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Move Over, SNL: Now Politicians Get Parodied In GTA RP

GTA and political satire have come full circle


Multimillionaire biotech exec turned Republican presidential wannabe Vivek Ramaswamy is chatting animatedly with a journalist. He’s having his feet held to the fire over a crime he may or may not have committed, but he stands resolute. "I think, if anything, I received street cred,” he says in a Trump-affected tone. “I've started being way more hip. My hats have been turning backward. I'm wearing a fur coat. I think I am quite lit, and I'm so excited to gyatt back to work.” Not long after, he hits the griddy

Except this is not Vivek Ramaswamy. Instead it’s his Grand Theft Auto doppelganger, Vivek Ramasquamy, puppeteered by popular Twitch streamer Squeex on a role-playing server in which nearly every character is played by a real human being attempting to (wackily) approximate their actual profession. The scenario, though ridiculous, verges on plausible: Politicians commit crimes all the time, and more pertinently, IRL Ramaswamy recently committed something that should be considered a crime by appearing in a TikTok in which he danced alongside YouTuber/prolific puncher of old men Jake Paul. Ramaswamy would, in other words, very much like the kind of crowd that watches GTA RP – or is at least aware of it – to think he’s cool. Squeex’s take on the soon-to-be-failed politician dials that element of his persona up to 11. 

The real Ramaswamy has walked a comically fine line of declaring Trump the greatest president ever and ostensibly trying to usurp him ever since he first made waves during the inaugural Republican presidential debate last summer. Ramaswamy’s particular brand of Trump-lite swagger and Florida governor Ron DeSantis’ near-superhuman lack of charisma made the former seem almost viable for a moment if you squinted and bashed yourself over the head with a rock until you forgot Trump existed. 

It also made Ramaswamy extremely meme-able, which he – at the ripe young age of 37 – capitalized on via stunts like the aforementioned Jake Paul video and a podcast that’s played host to everyone from crackpots (Alex Jones) to dipshits (John “Papa John” Schnatter) to domestic terrorists (Libs of TikTok). Since that initial peak, however, Ramaswamy’s campaign has cratered: According to Huffington Post, he’s in fourth place in Iowa with an average of six percent support. He’s polling even lower in New Hampshire. Around Christmas, his campaign stopped advertising on TV.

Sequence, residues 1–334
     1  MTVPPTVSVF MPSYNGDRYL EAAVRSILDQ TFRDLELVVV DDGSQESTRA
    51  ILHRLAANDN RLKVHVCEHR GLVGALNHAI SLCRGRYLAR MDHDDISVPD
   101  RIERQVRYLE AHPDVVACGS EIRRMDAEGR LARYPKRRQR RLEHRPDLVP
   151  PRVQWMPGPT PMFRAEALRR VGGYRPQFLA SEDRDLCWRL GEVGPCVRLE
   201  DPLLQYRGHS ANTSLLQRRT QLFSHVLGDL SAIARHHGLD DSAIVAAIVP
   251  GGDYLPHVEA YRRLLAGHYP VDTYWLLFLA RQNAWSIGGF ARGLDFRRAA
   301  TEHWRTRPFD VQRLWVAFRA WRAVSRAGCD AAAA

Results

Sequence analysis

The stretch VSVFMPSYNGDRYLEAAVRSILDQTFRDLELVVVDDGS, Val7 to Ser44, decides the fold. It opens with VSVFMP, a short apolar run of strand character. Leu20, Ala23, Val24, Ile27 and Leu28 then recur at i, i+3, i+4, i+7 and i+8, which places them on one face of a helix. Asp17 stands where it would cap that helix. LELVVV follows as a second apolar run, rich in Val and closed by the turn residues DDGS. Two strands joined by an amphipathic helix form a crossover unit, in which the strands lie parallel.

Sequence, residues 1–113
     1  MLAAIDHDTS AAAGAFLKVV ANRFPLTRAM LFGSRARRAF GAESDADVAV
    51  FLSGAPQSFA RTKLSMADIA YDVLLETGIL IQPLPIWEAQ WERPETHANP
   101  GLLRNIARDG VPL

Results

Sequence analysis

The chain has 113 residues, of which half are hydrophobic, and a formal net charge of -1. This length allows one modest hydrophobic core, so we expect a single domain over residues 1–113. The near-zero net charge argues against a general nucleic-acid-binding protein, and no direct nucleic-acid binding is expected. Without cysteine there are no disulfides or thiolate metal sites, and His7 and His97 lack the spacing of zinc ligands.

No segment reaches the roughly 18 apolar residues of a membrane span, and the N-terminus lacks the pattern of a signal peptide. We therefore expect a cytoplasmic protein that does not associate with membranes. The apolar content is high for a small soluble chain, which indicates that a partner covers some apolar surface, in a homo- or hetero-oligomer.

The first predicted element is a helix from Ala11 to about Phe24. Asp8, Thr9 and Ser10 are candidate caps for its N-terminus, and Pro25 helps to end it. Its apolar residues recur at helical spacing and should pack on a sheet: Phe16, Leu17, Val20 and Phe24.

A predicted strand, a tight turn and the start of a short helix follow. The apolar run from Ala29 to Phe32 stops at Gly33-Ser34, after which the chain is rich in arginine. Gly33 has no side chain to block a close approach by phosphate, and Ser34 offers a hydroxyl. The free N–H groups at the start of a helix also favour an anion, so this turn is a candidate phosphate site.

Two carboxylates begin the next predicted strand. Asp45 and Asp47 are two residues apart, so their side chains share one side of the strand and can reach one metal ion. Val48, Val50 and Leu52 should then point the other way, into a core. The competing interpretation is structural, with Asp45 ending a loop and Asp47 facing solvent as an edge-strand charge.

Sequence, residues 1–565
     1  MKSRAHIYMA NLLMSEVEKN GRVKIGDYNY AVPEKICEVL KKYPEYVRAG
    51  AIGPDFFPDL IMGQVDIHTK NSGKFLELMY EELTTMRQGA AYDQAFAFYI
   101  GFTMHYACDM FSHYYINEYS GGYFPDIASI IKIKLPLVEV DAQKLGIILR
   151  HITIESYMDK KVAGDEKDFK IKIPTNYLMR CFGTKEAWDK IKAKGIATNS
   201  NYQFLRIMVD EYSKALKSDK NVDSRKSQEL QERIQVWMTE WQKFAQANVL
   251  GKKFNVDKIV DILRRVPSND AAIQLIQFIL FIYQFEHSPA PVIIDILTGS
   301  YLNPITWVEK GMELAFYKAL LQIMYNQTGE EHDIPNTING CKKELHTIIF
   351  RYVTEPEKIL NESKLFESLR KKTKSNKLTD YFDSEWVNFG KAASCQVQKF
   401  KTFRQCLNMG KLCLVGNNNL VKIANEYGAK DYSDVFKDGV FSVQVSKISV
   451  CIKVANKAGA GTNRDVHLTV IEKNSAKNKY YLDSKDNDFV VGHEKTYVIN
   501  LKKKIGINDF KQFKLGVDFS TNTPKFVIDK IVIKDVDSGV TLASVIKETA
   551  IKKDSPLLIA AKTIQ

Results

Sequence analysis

Ramaswamy began his campaign on the far right – decrying “woke-ism” and the covid vaccine early and often – and has only embraced far-right conspiracy theories further as his campaign has faltered. Squeex’s Twitch parody gestures at this: "Whoever disagrees with me is part of the woke mob," he said last night while ranting about his plans to protest an in-game mayoral election he’s been barred from with a “peaceful” demonstration on January 6, a day he picked extremely purposefully. Squeex, as Ramasquamy, and his campaign staff run around GTA’s city of Los Santos repeating these sorts of lines, getting up to sometimes-violent shenanigans, and dancing. If somebody asks him anything – anything at all – there is a 70 percent likelihood he will begin his reply by saying in a pitch-perfect politician voice, “Thank you so much for the question and your concern. I really appreciate it, and I love talking to voters like yourself” or something to that effect. It gets funnier every time.

The whole routine is very on the nose, funny not because it’s uniquely incisive or critical comedy, but because of Squeex’s knack for timing and rapid-fire comebacks, as well as the presence of this larger-than-life meme man in absurd role-playing scenarios he seems ideally suited to. Ramaswamy – or this portrayal of him – is a bit like New York City mayor Eric Adams: You get the impression that both would be more at home in Grand Theft Auto than the real world. In this way, a Ramaswamy parody running amok in GTA RP brings the whole enterprise full-circle: The Grand Theft Auto series has always included a component of cartoonish political parody, and now players on community-created role-playing servers are embodying that spirit. This in mind, it’s little wonder that Squeex’s parody of Ramaswamy is landing for so many people.